Japan to set up new resident status for skilled foreign workers
Jiji -- May 31
The Japanese government plans to set up a new resident status as early as next April to bring in skilled workers from overseas as part of efforts to address serious labor shortages, officials said Wednesday.

At present, skilled workers from abroad need to return to their home countries after up to five years of training under Japan's foreign trainee program.

The government hopes to accept work-ready foreigners with specialties and skills to help shore up the country's productivity.

The plan for a new resident status will be included in annual economic and fiscal policy guidelines that the government aims to adopt as early as June 15, the officials said.

The guidelines will not include numerical targets for curbing social security spending for the three years starting next April.

News source: Jiji
Jul 17
School-related matters led to more suicides last year among youth aged between 10 and 19 than any other issue, the government said Tuesday in its annual paper on the topic. (Japan Times)
Jul 15
Japan's Princess Mako has visited the ancient Inca city of Machu Picchu in Peru and a village that once had a Japanese immigrant as its chief. (NHK)
Jul 11
The population of Japanese nationals has fallen for the 10th straight year, while the ratio of foreign residents topped 2 percent for the first time. (NHK)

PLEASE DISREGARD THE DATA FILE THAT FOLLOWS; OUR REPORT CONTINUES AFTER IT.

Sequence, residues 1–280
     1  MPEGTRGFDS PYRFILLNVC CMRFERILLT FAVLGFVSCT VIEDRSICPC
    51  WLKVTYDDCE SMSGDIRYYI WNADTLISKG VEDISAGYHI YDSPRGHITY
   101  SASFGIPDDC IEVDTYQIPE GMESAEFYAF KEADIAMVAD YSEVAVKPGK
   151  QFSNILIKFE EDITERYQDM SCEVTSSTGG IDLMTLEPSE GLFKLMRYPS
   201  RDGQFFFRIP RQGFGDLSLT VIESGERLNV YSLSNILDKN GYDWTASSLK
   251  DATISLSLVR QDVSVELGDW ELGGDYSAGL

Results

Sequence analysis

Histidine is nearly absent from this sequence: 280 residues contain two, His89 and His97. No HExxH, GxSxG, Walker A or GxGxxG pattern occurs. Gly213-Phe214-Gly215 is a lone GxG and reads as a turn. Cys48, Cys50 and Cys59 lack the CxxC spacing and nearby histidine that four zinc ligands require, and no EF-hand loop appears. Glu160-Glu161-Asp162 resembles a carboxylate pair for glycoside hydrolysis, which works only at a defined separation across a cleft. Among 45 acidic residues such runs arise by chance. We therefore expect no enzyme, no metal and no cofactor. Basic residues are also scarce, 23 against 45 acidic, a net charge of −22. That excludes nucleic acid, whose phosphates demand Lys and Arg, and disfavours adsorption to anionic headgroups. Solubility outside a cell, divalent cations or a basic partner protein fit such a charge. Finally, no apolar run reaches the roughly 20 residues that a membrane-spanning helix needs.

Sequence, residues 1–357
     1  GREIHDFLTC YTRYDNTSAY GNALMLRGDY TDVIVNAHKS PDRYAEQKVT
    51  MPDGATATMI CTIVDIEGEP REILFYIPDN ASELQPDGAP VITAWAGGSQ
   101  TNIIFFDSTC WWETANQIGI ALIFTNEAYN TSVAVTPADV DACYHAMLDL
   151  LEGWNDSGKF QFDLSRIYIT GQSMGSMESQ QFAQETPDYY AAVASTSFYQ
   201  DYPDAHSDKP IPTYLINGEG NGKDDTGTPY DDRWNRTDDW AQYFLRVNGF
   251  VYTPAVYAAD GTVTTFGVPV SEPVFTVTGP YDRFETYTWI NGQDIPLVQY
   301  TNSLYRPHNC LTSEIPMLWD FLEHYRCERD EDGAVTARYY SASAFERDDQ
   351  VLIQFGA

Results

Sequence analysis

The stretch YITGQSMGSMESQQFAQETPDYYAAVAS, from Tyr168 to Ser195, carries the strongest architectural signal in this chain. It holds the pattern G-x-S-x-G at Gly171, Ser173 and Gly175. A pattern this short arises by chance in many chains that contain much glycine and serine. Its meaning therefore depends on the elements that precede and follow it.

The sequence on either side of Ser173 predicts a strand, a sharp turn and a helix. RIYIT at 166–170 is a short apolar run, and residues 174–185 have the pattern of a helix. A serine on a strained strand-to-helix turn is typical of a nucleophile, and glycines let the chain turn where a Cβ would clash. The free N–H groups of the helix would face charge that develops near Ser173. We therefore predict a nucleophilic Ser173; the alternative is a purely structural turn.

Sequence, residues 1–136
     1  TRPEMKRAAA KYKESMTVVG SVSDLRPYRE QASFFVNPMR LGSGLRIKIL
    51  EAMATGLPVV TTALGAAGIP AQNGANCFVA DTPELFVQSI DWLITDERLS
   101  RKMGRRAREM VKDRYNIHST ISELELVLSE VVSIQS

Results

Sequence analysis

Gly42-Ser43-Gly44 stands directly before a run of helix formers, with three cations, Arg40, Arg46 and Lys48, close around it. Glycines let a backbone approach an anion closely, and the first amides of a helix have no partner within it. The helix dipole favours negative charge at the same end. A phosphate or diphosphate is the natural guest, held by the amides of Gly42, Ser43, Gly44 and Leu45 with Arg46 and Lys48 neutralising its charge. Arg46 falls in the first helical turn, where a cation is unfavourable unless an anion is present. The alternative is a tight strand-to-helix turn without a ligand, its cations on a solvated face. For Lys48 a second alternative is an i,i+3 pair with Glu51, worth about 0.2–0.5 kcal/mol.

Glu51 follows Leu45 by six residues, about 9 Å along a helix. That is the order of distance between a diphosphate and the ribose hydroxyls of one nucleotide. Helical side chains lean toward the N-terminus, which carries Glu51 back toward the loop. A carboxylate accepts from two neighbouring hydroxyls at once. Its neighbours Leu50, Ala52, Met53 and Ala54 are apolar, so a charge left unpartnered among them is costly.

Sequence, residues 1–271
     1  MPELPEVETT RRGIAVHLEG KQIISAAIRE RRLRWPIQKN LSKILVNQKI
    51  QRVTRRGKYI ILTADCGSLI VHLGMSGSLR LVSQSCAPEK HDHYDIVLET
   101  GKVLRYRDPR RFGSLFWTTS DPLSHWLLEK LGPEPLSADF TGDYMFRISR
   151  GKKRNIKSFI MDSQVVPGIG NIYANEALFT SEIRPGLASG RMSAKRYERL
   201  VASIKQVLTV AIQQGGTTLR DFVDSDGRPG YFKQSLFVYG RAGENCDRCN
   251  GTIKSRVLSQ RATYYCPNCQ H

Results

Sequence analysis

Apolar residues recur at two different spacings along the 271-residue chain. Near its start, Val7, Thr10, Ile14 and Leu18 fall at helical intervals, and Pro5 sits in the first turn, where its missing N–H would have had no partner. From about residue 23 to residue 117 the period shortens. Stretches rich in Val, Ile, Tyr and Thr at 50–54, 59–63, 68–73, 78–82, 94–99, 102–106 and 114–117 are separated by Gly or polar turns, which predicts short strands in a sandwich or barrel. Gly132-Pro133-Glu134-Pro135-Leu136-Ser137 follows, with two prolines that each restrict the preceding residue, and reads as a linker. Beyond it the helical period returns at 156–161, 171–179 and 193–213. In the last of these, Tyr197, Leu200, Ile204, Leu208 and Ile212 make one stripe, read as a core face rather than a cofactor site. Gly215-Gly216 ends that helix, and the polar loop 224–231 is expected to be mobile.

Jul 10
Princess Mako left Japan on Tuesday for Peru and Bolivia, where she will attend ceremonies marking the 120th anniversary of the arrival of the first Japanese immigrants. It is the first time for the princess to visit the two South American countries. (NHK)
Jul 09
Miyagi Prefectural Police have arrested a 30-year-old male middle school teacher over the alleged possession of marijuana in Sendai City, reports the Sankei Shimbun (July 7). (tokyoreporter.com)
Jul 08
A log boat set off from Taiwan on Sunday on a journey of more than 200 kilometers to Yonaguni Island in Okinawa Prefecture, southern Japan. (NHK)
Jul 07
A male junior high school student died Saturday after being stabbed the previous day by a fellow student in Tokorozawa, Saitama Prefecture, according to police. (Japan Today)
Jul 03
The Japanese operator of TOEIC said Tuesday it will not provide its English proficiency test as part of the country's standardized university entrance exam system due to start next April, because the process is too complicated. (Japan Today)
Jul 01
A new Japanese law took effect on Monday to prevent the spread of passive smoke, and bans indoor smoking in public spaces. (NHK)
Jul 01
With Japan’s revised health promotion law, which includes enhanced measures against secondhand smoke, set to partially take effect at the beginning of July, universities across the country are divided over rules governing smoking. (Japan Times)